April sees 15 cases referred to the mufti and various preliminary and final verdicts of death: Egypt's criminal courts abandon their caution in meting out the death penalty
The number of death sentences issued in Egypt has continued to rise since mid-2017. This is true of sentence referrals to the mufti and sentence confirmations at various levels of litigation. It has recently become true as well of the rate of executions. April 2018 ended as one of the worst months for the issuance of death sentences. Most of these were issued in ordinary criminal cases, not political, and in one case, 45 defendants were sentenced to death, leading observers to wonder if criminal judges in Egypt have any sentencing tools at their disposal but the death penalty.
On the first day of April, the Court of Cassation denied the appeal filed by Adel Abd al-Nour, known as Asaliya. He was sentenced to death after being convicted of killing the owner of a seed and nut shop in Alexandria; he appeared on a surveillance camera butchering the victim. The court referred his case to the mufti for review on March 9, 2017.
The first week of April alone saw the following sentences: the Cairo Felony Court sentenced one person to death for murder, which occurred in a fight following a traffic dispute; on April 3, the Shebin al-Kom Felony Court sentenced two people to death; another four people were sentenced to death in connection with a blood feud by the Sohag Court; on April 5, the Helwan Felony Court sentenced two defendants to death in a robbery-linked homicide.
On April 10, the Ismailiya Felony Court sentenced one person to death who was convicted of killing his father. The same day, the Cairo Felony Court issued a death sentence for 11 defendants in what was popularly known as the “car-wash fight case” in Old Cairo. Two people were killed and five more injured in the incident. A third court that day also sentenced two brothers to death after their conviction for killing a contractor and setting his corpse on fire.
The most publicized sentence of the month came on April 11 when a military court referred the sentencing papers of 36 defendants to the mufti in military case no. 165, for their involvement in bombings targeting the Butrosiya Church in Abbasiya, the Mari Girgis Church in Tanta, and the Murqosiya Church in Alexandria. The final sentencing date has been set for May 15.
On April 12, the Zaqaziq Felony Court sentenced three people to death in connection with a bloody row between two families. On April 15, the same court handed down the death penalty in connection with another murder. On April 16, three defendants were sentenced to death for killing their brother by the Alexandria Felony Court, and on April 17, the Cairo Felony Court sentenced one person to death for killing a Yemeni student in the course of a robbery.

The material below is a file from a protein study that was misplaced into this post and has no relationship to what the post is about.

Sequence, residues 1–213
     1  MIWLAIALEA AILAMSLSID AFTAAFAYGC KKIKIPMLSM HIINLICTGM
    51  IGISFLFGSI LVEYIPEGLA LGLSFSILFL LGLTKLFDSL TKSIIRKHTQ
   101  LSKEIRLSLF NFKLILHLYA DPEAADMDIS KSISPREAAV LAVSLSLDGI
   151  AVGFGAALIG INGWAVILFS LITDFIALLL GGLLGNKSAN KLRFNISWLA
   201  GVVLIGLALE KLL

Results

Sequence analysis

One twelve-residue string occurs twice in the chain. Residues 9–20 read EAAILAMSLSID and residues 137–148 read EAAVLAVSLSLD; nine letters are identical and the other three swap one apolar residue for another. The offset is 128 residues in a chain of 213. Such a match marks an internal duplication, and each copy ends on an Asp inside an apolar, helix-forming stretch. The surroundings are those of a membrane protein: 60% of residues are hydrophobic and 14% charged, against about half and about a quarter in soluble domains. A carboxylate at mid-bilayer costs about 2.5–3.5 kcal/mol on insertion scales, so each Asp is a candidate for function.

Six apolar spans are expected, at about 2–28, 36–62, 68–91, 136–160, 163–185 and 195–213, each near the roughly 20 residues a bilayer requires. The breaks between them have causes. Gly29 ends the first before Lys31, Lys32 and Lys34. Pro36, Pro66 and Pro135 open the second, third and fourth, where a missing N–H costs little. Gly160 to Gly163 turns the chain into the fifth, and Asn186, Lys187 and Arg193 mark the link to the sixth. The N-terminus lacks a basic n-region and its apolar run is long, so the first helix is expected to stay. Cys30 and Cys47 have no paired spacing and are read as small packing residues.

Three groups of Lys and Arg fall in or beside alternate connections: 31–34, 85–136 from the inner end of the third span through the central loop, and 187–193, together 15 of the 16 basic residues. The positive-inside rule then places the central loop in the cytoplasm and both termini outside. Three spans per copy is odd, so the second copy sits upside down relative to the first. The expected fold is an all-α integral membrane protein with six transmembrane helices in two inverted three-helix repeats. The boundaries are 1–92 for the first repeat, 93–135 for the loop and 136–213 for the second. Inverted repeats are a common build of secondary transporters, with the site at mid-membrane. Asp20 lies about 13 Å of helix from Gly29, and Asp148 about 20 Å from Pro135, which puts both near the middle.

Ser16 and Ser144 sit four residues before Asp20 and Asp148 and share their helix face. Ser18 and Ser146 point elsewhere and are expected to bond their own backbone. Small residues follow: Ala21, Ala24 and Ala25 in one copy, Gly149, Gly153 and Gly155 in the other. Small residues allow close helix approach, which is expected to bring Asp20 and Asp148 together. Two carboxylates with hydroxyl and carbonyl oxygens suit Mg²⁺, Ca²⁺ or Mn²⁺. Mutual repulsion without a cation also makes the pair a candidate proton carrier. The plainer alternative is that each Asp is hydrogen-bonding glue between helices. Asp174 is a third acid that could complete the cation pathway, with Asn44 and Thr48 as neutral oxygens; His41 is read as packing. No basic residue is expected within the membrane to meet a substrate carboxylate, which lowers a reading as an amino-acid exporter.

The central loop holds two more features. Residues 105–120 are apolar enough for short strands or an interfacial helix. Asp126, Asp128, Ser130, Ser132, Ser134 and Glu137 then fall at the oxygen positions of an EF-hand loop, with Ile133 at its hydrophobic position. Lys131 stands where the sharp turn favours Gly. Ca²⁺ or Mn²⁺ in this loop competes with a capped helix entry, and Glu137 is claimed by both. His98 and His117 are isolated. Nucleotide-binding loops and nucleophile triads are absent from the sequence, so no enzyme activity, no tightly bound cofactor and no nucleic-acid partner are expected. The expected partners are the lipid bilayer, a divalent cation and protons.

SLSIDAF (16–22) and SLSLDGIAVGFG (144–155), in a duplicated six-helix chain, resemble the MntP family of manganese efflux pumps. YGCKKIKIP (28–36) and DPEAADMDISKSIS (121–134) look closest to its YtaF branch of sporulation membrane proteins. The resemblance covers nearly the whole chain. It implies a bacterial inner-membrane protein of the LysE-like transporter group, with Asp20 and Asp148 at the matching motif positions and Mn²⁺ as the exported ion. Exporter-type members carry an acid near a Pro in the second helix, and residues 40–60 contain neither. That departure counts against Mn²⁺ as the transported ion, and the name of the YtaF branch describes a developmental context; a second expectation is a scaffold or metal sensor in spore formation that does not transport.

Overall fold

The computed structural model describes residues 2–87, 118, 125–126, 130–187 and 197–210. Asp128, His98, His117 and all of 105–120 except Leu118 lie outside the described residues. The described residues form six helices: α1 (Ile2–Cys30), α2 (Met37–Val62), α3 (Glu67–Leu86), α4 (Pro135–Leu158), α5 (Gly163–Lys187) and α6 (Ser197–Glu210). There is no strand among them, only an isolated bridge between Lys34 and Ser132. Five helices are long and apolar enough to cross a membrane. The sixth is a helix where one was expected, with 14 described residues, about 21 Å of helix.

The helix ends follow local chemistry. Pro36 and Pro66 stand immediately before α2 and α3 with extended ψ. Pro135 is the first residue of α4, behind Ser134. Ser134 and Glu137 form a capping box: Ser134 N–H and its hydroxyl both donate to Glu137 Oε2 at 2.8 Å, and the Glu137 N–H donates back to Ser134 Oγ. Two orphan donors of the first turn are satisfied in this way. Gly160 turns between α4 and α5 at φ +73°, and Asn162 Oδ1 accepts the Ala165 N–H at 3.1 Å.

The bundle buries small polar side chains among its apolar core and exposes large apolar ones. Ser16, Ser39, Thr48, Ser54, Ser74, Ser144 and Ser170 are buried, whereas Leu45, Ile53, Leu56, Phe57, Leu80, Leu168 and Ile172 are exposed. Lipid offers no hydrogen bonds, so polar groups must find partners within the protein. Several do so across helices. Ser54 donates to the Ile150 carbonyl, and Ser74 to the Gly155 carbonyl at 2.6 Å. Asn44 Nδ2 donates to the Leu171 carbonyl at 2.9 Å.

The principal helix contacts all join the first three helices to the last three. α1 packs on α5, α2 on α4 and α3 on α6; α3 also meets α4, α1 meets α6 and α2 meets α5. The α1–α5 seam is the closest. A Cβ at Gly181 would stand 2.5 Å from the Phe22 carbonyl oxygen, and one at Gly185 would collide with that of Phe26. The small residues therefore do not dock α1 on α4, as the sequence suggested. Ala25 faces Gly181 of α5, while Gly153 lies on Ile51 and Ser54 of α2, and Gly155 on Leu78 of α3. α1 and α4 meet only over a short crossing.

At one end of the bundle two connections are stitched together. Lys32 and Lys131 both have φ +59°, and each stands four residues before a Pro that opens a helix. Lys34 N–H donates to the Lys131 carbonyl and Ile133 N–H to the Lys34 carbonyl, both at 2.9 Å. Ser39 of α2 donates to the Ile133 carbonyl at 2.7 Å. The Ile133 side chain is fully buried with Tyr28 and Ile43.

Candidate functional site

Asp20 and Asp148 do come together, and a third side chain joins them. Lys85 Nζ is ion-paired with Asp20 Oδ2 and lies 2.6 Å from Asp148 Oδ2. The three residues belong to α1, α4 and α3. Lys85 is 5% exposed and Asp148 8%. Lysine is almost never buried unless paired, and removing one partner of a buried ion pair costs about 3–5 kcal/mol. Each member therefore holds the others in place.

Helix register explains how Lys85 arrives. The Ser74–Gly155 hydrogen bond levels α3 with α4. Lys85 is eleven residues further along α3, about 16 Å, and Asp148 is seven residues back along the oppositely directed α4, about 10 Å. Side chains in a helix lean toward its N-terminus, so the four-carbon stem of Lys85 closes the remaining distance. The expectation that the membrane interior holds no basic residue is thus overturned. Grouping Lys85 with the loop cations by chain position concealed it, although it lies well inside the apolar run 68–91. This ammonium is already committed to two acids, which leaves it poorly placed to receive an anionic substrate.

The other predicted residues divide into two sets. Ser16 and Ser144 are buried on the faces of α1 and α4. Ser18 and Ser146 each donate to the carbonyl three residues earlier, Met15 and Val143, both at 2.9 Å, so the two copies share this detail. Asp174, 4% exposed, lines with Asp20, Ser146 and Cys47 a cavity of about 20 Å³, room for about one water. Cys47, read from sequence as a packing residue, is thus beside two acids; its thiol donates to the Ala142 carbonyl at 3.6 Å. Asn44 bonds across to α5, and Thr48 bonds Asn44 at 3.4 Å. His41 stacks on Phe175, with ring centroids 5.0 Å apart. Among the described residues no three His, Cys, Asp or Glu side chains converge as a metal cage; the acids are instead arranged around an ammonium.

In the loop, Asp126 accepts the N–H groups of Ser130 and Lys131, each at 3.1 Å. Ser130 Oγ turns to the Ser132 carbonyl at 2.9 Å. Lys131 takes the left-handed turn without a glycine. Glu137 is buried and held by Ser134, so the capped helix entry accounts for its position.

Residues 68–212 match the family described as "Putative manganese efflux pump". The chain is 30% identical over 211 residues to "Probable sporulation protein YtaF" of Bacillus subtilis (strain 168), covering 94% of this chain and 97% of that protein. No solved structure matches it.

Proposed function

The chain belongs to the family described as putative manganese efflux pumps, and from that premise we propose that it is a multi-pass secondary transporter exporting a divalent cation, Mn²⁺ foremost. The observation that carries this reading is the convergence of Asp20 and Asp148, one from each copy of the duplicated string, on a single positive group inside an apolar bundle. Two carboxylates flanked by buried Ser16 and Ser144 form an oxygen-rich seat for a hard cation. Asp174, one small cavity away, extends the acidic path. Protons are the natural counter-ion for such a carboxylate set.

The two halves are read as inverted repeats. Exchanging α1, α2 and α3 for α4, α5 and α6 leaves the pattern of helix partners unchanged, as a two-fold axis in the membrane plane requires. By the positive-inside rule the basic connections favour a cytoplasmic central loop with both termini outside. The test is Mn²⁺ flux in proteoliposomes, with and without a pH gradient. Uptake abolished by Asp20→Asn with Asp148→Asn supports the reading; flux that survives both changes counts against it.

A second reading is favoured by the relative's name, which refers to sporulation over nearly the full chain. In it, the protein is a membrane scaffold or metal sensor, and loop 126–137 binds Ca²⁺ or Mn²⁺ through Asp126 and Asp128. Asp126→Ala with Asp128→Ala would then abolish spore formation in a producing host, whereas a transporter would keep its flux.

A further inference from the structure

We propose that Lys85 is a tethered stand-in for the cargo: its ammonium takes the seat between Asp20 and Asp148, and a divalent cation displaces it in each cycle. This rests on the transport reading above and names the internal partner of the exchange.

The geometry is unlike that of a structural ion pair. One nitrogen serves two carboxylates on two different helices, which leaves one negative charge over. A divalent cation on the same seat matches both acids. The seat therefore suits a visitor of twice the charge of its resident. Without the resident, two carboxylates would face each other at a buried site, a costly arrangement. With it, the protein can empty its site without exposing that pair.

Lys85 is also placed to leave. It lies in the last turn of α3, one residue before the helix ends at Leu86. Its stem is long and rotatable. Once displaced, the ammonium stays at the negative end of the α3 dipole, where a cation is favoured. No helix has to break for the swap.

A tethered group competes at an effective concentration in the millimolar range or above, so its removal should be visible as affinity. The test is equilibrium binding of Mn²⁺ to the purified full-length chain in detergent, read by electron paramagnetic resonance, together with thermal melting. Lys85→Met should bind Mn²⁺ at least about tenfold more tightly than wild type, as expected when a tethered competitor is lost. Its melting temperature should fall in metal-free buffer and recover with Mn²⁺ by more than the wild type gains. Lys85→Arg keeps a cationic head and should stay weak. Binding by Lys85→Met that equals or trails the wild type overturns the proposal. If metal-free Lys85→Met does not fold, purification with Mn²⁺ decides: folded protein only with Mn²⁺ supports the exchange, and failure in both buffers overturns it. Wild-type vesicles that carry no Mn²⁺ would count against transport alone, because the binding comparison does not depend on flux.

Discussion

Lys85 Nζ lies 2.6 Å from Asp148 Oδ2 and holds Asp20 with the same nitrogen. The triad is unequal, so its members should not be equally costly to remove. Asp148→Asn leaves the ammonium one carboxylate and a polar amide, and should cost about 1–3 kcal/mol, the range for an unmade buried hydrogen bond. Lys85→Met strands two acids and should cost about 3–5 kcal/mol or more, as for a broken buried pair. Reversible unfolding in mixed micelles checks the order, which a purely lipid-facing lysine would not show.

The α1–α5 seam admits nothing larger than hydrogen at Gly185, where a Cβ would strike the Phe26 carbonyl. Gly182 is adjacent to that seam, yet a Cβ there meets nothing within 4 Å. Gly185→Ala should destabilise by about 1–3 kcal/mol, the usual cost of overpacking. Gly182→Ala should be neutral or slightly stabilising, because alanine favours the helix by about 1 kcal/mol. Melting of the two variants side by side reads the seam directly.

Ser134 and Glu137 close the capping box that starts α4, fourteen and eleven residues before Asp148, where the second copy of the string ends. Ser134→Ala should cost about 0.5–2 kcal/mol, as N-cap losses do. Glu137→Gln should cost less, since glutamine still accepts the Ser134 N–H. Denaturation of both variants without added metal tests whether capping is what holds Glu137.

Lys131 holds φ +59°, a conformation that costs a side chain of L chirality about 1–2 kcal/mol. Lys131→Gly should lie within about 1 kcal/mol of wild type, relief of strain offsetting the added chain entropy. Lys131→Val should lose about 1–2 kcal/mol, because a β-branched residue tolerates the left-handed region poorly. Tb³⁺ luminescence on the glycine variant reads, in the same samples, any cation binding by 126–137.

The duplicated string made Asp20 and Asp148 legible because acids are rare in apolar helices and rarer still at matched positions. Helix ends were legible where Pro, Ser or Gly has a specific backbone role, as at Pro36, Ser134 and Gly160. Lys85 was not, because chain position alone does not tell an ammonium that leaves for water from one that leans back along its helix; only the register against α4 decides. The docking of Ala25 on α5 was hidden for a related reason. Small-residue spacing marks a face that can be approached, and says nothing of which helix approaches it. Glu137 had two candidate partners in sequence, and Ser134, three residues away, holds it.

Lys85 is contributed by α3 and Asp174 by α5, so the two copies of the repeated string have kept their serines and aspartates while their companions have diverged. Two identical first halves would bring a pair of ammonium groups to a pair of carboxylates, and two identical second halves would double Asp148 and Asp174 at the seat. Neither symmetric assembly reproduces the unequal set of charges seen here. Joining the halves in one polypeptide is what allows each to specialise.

On April 15, the Court of Cassation upheld the death sentences issued in the Osim Cell case, denying the appeal filed by the 24 defendants and affirming the sentence of death for four defendants issued two months earlier.
Referrals of sentencing papers to the mufti proceeded apace as well. In addition to the referrals in the church bombings case, sentencing papers were referred to the mufti in 15 other cases, most recently on April 24 in connection with a murder in al-Tibbin. In total, the Egyptian Initiative for Personal Rights identified 118 defendants whose sentencing papers were referred to the mufti. The most well known of these cases was the so-called Gypsies and Upper Egyptians case, which dates back to 2012. On April 14, the Alexandria Felony Court referred the papers of 45 defendants in the case to the mufti, in connection with the killing of three people in a fight involving firearms and bladed weapons.
The EIPR has not had the opportunity to review the files of all these cases of all these cases, develop a legal position, and monitor compliance with fair trial guarantees, considered fundamental constitutional rights. Nevertheless, we wish to underscore the rapid and sharp shift in the temperament of the Egyptian criminal justice system. Up until 2012, Egypt was among the most conservative dispensers of the death penalty, among those countries that still maintained capital punishment in their laws and judicial practices. But today, this wholly justified conservatism—insofar as the death penalty, unlike other punishments, cannot be retracted once implemented—is being enthusiastically reversed. This does not only in crimes related to terrorism and political violence.
The EIPR reaffirms its position and again calls for a moratorium, even temporary, on the death penalty, pending a society-wide debate over its full abolition. This is in line with the proposals of the Egyptian government made during its vote on the death penalty resolution in the 36th session of the UN Human Rights Council. We also urge the parliament to reconsider penal laws, which consistently increase the number of crimes punishable by death. The parliament should ensure that the death sentence is only applied to the most serious crimes and in the narrowest of circumstances while also amending the Code of Criminal Procedure to bar the referral of civilians charged with crimes carrying the death penalty to any exceptional or military court on any grounds whatsoever.